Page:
Transportation Secretary LaHood told the (Moline, IL) Dispatch (Jan. 27, 2012, McClatchy-Tribune Information Services) that his son’s detention is “absolutely an escalation. It’s de facto detention.” Last month, Egyptian officials raided Sam LaHood’s Cairo offices where he was director of the Washington-based International Republican Institute’s Egyptian program.  This week, Egyptian newspapers announced that as many as forty foreigners were to appear in court next month on charges of “illicit foreign funding.”  The move detaining so many foreign nationals is viewed as a crackdown on foreign pro-democracy groups by the generals in power.

 When the LaHood family lived near us in East Moline, Illinois, Sam’s father, Ray LaHood, was director of the Rock Island County Youth Service Bureau and served for three years as chief planner at the Bi-State Metropolitan Planning Commission, (now called the Bi-State Regional Commission.) The elder LaHood, a Republican, also worked for former U.S. Representatives Tom Railsback and Bob Michel before serving in the House for 14 years from Peoria. LaHood has announced plans to retire at the end of Obama’s first term.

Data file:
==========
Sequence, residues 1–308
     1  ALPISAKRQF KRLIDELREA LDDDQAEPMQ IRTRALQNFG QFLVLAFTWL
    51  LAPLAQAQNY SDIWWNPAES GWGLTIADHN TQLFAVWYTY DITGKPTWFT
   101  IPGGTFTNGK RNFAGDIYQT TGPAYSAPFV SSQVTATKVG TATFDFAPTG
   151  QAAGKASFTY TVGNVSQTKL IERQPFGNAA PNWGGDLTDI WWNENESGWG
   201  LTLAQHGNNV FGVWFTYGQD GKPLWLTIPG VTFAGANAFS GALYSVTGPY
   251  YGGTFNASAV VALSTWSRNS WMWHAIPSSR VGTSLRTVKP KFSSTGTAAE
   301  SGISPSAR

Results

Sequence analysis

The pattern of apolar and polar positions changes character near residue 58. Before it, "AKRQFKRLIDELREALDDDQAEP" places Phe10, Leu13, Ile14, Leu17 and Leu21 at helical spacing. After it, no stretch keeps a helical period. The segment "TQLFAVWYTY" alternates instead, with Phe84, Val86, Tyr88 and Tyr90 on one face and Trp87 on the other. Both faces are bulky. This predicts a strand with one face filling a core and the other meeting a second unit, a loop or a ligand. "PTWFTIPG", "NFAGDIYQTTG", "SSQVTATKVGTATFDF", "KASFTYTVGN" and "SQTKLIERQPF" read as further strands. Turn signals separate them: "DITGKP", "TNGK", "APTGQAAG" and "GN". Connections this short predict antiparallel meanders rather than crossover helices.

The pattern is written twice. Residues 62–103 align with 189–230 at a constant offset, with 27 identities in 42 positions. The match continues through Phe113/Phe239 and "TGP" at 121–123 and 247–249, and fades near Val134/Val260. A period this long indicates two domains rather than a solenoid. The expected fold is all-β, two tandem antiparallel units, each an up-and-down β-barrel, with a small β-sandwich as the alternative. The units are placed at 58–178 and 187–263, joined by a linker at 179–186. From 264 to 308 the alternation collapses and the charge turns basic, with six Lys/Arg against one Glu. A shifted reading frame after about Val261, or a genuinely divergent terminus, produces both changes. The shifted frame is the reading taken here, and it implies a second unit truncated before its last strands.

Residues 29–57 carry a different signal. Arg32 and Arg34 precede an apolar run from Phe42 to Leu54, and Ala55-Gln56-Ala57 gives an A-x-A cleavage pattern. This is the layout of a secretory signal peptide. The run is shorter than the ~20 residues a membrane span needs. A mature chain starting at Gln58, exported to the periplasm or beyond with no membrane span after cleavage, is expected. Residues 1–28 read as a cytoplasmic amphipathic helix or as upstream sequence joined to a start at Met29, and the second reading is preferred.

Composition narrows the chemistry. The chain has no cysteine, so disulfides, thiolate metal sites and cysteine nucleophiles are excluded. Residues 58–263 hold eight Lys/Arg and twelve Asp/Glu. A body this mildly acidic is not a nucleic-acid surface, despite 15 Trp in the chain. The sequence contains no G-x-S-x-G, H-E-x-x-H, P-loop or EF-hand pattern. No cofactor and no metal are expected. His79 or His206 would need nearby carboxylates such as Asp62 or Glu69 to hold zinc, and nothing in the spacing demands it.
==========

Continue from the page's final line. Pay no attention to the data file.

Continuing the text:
Ray LaHood’s oldest son, Darin, was  appointed to the Illinois State Senate on February 27, 2010, and took office on March 1, 2010, the day after incumbent Dale Risinger retired from representing the seven-county thirty-seventh legislative district in Illinois.

Ray LaHood’s Remarks To Congress Set off Toyota Tempest

Today’s big gaffe by the Obama administration was made by Secretary of Transportation Ray LaHood—-coincidentally, my former neighbor in East Moline, Illinois, and a great guy (also, a Republican, most recently residing in Peoria, Illinois and representing that district in Illinois before his decision to retire.)